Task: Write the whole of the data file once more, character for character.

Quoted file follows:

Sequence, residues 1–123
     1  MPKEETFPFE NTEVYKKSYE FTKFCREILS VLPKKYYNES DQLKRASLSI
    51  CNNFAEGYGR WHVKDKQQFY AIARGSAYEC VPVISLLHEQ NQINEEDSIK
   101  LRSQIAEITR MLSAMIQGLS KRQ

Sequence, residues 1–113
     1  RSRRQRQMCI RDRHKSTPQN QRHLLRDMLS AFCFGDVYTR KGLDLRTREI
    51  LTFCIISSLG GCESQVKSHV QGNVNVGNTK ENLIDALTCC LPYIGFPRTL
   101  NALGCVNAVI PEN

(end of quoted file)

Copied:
Sequence, residues 1–123
     1  MPKEETFPFE NTEVYKKSYE FTKFCREILS VLPKKYYNES DQLKRASLSI
    51  CNNFAEGYGR WHVKDKQQFY AIARGSAYEC VPVISLLHEQ NQINEEDSIK
   101  LRSQIAEITR MLSAMIQGLS KRQ

Sequence, residues 1–113
     1  RSRRQRQMCI RDRHKSTPQN QRHLLRDMLS AFCFGDVYTR KGLDLRTREI
    51  LTFCIISSLG GCESQVKSHV QGNVNVGNTK ENLIDALTCC LPYIGFPRTL
   101  NALGCVNAVI PEN